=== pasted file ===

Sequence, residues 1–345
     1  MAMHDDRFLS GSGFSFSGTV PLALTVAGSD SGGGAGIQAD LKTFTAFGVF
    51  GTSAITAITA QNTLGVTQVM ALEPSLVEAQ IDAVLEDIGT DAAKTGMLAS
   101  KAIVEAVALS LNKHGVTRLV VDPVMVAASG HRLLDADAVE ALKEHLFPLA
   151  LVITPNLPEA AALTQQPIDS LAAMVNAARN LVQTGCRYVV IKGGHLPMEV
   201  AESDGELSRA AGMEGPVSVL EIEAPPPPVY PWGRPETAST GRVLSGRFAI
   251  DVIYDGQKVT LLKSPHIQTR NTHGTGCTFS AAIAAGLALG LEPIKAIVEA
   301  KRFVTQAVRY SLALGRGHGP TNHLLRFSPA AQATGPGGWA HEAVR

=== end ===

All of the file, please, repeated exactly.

Sequence, residues 1–345
     1  MAMHDDRFLS GSGFSFSGTV PLALTVAGSD SGGGAGIQAD LKTFTAFGVF
    51  GTSAITAITA QNTLGVTQVM ALEPSLVEAQ IDAVLEDIGT DAAKTGMLAS
   101  KAIVEAVALS LNKHGVTRLV VDPVMVAASG HRLLDADAVE ALKEHLFPLA
   151  LVITPNLPEA AALTQQPIDS LAAMVNAARN LVQTGCRYVV IKGGHLPMEV
   201  AESDGELSRA AGMEGPVSVL EIEAPPPPVY PWGRPETAST GRVLSGRFAI
   251  DVIYDGQKVT LLKSPHIQTR NTHGTGCTFS AAIAAGLALG LEPIKAIVEA
   301  KRFVTQAVRY SLALGRGHGP TNHLLRFSPA AQATGPGGWA HEAVR